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Cancer Res. 2010 Oct 1;70(19):7534-42. doi: 10.1158/0008-5472.CAN-10-0815. Epub 2010 Aug 18.

Circulating levels of the innate and humoral immune regulators CD14 and CD23 are associated with adult glioma.

Author information

1
Department of Epidemiology and Biostatistics, University of California San Francisco, San Francisco, California 94158, USA.

Abstract

Allergy history has been consistently inversely associated with glioma risk. Two serologic markers, soluble CD23 (sCD23) and soluble CD14 (sCD14), are part of the innate and adaptive humoral immune systems and modulate allergic responses in opposite directions, with sCD23 enhancing and sCD14 blunting inflammatory responses. We measured sCD23 and sCD14 in serum from blood that was drawn at a single time point from 1,079 glioma patients postdiagnosis and 736 healthy controls. Glioma was strongly associated with high sCD14 [highest versus lowest quartile odds ratio (OR), 3.94; 95% confidence interval (95% CI), 2.98-5.21] and low sCD23 (lowest versus highest quartile OR, 2.5; 95% CI, 1.89-3.23). Results were consistent across glioma histologic types and grades, but were strongest for glioblastoma. Whereas temozolomide treatment was not associated with either sCD14 or sCD23 levels among cases, those taking dexamethasone had somewhat lower sCD23 levels than those not taking dexamethasone. However, sCD23 was associated with case status regardless of dexamethasone treatment. These results augment the long-observed association between allergies and glioma and support a role for the innate and adaptive humoral functions of the immune system, in particular immunoregulatory proteins, in gliomagenesis.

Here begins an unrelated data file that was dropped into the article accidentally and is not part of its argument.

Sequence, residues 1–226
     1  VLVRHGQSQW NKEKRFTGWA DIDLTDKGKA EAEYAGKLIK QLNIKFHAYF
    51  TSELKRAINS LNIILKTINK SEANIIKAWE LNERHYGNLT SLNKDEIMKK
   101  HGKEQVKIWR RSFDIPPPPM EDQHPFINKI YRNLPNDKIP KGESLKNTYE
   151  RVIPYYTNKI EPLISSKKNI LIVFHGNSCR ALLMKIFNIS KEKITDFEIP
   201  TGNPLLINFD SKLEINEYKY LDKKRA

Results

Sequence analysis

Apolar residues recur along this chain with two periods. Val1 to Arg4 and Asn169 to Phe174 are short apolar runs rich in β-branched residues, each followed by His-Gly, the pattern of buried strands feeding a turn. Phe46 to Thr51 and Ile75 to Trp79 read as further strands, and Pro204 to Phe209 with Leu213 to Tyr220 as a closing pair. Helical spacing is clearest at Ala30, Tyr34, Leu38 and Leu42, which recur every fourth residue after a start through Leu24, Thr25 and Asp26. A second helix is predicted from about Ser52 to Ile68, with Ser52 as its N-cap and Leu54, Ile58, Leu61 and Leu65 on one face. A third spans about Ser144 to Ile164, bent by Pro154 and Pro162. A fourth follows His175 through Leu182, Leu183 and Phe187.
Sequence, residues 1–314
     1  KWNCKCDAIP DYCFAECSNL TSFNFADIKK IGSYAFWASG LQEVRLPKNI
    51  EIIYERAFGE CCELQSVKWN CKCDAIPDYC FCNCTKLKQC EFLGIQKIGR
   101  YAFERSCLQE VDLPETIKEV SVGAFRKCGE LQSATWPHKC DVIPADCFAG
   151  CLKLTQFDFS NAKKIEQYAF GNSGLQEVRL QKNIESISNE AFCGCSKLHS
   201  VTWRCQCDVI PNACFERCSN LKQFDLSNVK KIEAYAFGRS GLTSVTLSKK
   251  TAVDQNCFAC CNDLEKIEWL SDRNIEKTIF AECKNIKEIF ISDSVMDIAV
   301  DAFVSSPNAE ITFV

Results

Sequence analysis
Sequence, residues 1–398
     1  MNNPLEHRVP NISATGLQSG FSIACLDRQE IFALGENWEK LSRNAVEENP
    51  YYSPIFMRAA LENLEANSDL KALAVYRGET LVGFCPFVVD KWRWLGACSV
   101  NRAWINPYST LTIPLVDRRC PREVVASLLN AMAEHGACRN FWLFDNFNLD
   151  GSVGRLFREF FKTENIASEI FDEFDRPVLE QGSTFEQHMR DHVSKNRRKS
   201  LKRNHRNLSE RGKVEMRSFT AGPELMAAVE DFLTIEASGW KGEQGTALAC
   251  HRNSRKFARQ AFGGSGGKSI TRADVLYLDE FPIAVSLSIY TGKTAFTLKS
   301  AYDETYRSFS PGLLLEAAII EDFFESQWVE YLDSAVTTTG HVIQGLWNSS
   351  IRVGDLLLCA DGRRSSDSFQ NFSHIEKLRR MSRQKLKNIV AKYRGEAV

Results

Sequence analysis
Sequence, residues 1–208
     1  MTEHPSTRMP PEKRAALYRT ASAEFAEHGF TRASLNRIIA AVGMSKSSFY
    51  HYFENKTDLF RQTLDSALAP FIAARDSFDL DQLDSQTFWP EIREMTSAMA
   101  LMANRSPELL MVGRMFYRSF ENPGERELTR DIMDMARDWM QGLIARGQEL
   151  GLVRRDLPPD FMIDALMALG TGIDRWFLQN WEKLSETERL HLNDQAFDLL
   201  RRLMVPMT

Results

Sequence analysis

PMID:
20719886
PMCID:
PMC3339633
DOI:
10.1158/0008-5472.CAN-10-0815
[Indexed for MEDLINE]
Free PMC Article

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